The candidate of the ruling parties, Stevo Pendarovski, is slightly leading the presidential vote count in North Macedonia ahead of his main rival, Gordana Siljanovska, preliminary results show.
By Sinisa Jakov Marusic
The top two candidates in North Macedonia presidential polls, Stevo Pendarovski and Gordana Siljanovska, are both celebrating after the first round of voting that ended with a practical draw.
Preliminary results from Sunday’s first round of presidential elections in North Macedonia suggest that Stevo Pendarovski, the candidate supported by the country’s ruling parties, is just slightly leading the count, ahead of his main rival, Gordana Siljanovska, who is backed by the right-wing opposition VMRO DPMNE party.
Pendarovski won 307,562 votes or 42,62 per cent and Siljanovska won 307,404 votes or 42,60 per cent, the preliminary unofficial results of the State Electoral Commission show out of 96 per cent of votes that have been counted.
The turnout was just over 41 per cent, the lowest at any presidential poll since the country gained independence in 1991.
The bloc centred around the main ruling Social Democrats at a press conference on Sunday night declared victory on behalf of their candidate, Pendarovski.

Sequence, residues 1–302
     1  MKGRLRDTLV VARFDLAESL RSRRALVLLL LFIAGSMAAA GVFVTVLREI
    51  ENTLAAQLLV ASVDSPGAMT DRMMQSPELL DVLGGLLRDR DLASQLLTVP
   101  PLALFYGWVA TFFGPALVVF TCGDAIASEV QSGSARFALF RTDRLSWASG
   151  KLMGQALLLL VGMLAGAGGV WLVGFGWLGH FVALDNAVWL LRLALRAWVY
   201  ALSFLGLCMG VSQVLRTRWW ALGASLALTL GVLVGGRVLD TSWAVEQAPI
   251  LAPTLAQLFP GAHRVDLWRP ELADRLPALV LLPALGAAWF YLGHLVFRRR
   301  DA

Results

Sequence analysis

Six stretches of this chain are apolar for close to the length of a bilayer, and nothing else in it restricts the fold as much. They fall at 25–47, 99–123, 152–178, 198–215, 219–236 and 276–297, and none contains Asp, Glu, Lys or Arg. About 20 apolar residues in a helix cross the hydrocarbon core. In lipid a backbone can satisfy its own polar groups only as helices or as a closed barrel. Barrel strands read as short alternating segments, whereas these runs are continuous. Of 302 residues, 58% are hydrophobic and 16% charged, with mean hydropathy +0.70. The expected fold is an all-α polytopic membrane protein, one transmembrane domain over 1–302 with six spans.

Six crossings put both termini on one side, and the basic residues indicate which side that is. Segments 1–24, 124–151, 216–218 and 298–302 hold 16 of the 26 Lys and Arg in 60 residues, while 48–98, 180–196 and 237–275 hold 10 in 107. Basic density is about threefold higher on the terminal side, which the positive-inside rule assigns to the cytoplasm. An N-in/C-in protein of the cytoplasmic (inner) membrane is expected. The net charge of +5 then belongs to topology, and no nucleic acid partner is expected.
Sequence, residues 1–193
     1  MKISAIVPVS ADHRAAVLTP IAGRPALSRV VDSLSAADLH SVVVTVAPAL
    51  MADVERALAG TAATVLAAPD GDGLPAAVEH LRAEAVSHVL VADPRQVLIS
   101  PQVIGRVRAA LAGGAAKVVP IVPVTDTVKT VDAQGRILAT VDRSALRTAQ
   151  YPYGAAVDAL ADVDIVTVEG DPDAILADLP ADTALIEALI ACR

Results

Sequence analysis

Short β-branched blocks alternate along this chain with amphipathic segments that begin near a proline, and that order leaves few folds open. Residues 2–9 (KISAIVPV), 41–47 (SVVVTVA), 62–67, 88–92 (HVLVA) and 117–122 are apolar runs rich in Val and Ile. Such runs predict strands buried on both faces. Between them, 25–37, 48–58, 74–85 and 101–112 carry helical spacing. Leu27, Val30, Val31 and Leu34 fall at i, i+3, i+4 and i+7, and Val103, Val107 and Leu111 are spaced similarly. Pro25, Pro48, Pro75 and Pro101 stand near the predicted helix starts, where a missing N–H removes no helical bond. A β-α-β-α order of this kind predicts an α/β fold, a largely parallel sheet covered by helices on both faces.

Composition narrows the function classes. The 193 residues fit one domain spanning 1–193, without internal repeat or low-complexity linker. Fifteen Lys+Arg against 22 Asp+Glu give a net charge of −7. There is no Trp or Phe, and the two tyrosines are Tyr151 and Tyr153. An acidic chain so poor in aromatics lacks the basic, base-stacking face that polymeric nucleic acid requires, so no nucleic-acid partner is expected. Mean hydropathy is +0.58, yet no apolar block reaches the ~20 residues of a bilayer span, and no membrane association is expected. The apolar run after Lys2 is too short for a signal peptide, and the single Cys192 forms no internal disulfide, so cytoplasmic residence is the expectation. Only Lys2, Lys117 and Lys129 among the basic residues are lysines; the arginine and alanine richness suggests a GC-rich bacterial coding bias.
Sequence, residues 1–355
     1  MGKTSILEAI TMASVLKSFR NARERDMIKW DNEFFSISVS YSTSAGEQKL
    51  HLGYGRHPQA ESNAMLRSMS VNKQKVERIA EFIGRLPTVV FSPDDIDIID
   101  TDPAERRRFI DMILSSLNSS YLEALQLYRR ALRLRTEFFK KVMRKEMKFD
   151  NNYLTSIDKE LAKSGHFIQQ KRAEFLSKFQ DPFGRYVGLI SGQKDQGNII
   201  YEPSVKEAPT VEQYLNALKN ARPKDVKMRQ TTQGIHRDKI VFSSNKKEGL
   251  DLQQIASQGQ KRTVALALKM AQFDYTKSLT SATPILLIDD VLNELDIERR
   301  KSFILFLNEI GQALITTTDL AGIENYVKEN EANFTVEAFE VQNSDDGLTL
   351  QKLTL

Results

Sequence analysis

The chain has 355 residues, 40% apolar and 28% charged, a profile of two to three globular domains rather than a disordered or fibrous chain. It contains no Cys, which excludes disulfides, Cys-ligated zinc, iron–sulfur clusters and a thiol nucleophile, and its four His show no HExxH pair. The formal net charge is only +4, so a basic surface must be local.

“Our candidate has made a convincing lead, which means that he is headed for a certain victory in the second round of voting”, the Social Democrats secretary general Aleksandar Kiracovski told a press conference.
The opposition VMRO DPMNE at a press conference held on the same evening sounded equally optimistic.
“Results show that you can not go against the will of the people… The results are heralding a new political spring in the country”, said Igor Janushev, VMRO DPMNE’s secretary general.
The third presidential candidate, Blerim Reka, who was supported by two small ethnic Albanian parties, is far behind with 75,163 votes or 10,42 per cent. He is likely to drop out of the race in the second round that takes place in two weeks’ time, on May 5.
“We are very happy with the result, it exceeded our expectations. [by the end of the count] We expect to reach some 80,000 votes… We will not trade with these votes”, Reka told a press conference.
The second election round of voting in two weeks is deemed potentially more problematic because for it to succeed, at least 40 per cent of the total electorate must cast ballots.
Most observers agree this may be hard to achieve, as historically presidential elections attract far less attention than parliamentary elections.
The official results from the first round of presidential voting are expected to arrive on Monday.